Data Dissection

February 28th, 2017 9:19 am | by John Jansen |

Via Stephen Stanley at Amherst Pierpont Securities:

Real GDP in Q4 was slightly weaker than expected, coming in unrevised at 1.9%.  The shortfall relative to my expectations reflects the old saying “a few billion here and a few billion there, and pretty soon it adds up to real money.”  There were not any big surprises, but a handful of categories came in a few billion dollars lower than I had anticipated.  Business spending on equipment, intellectual property, state and local government outlays, and inventories were all a little lower than expected.  Meanwhile, the main category that was revised higher was consumer spending, which was boosted from a 2.5% growth rate to a 3.0% annualized rise, in line with the robust average recorded since the beginning of 2014.

There are a few other details within the GDP report to discuss.  First, the core PCE deflator was revised downward from a 1.3% annualized increase to 1.2%, but this is even less than meets the eye.  The 1.3% reading before was actually 1.253% unrounded, and the new reading is 1.22%, so the revision is worth even less than full tenth (and will probably be worth a mere 2 BPs on the year-over-year calculation for December).  The January reading due tomorrow for the core PCE deflator will probably increase by 0.3% on a monthly basis, but the January 2016 reading was also up 0.3%, so the year-over-year advance may hold steady at 1.7%.  Meanwhile, the downward revision to the headline PCE deflator in Q4 was more substantial, from a 2.2% annualized clip to 1.9%.  As a result, the year-over-year advance through December is probably about 15 BPs lower than before.  This means that, while the surge in prices for January that will likely be reported tomorrow will still push the year-over-year increase up by around 0.4 percentage points, we are no longer going to hit the 2.0% mark in January.  More likely, the January year-over-year increase will jump to 1.8%.  I still think we get to 2% by spring, but the urgency may be slightly lower than I had anticipated heading into the March FOMC meeting.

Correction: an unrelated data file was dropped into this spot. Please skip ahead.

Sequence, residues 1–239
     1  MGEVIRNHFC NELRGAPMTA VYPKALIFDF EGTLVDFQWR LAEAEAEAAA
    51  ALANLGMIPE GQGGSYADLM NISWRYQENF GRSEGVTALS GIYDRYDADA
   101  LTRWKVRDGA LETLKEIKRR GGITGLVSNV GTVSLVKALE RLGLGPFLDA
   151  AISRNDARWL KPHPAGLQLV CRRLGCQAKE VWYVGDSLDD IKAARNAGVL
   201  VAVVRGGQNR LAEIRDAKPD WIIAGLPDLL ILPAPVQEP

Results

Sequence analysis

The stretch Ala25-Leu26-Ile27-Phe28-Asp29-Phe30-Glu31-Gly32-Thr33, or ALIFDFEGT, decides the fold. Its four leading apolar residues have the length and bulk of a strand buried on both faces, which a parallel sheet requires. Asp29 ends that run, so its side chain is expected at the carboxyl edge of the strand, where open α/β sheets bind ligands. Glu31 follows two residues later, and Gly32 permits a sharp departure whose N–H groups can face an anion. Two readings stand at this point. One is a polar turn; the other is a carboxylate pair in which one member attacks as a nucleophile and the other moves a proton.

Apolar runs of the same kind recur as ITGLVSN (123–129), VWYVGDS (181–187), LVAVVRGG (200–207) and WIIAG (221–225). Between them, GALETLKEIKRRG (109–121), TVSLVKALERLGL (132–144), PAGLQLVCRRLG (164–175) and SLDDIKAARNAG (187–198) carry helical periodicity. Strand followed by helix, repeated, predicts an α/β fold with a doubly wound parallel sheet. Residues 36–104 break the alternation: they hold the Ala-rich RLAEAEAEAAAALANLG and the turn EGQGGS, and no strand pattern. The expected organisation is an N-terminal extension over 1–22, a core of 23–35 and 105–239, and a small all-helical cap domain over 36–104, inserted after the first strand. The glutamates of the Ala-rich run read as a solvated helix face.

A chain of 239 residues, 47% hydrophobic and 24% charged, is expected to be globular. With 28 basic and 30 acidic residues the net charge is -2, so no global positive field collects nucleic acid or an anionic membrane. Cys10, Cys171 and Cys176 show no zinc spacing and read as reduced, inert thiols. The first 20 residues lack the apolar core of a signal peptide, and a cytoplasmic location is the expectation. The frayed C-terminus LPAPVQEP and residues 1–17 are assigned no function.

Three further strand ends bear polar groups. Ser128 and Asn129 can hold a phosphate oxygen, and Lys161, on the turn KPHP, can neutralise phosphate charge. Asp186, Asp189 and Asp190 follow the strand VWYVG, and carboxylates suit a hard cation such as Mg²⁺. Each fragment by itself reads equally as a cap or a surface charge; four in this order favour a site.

The other key detail from today’s report is the incorporation of benchmark employment data into the wage and salary figures for Q3.  The revisions were upward but small for both Q3 and Q4, about $10 billion and $1 billion respectively.

Switching gears, the January merchandise trade deficit exploded upward by about $5 billion to $69.2 billion, about $2½ billion worse than I had expected (and over $3 billion worse than the consensus).  Imports surged, reflecting a big bounceback in auto imports and a surge in consumer goods imports.  The latter may reflect, at least in part, the timing of Chinese New Year, so it will be important to keep a close watch on these data for February as well.  In any case, based on the downside surprise, I am trimming my Q1 real GDP growth estimate to 1.8%.  While economic data have generally been quite strong of late, the key contributors to GDP that we have so far for January have been mostly soft.  I will not be surprised to see Q1 once again come in below the trend as well as recording the worst growth reading for the year.

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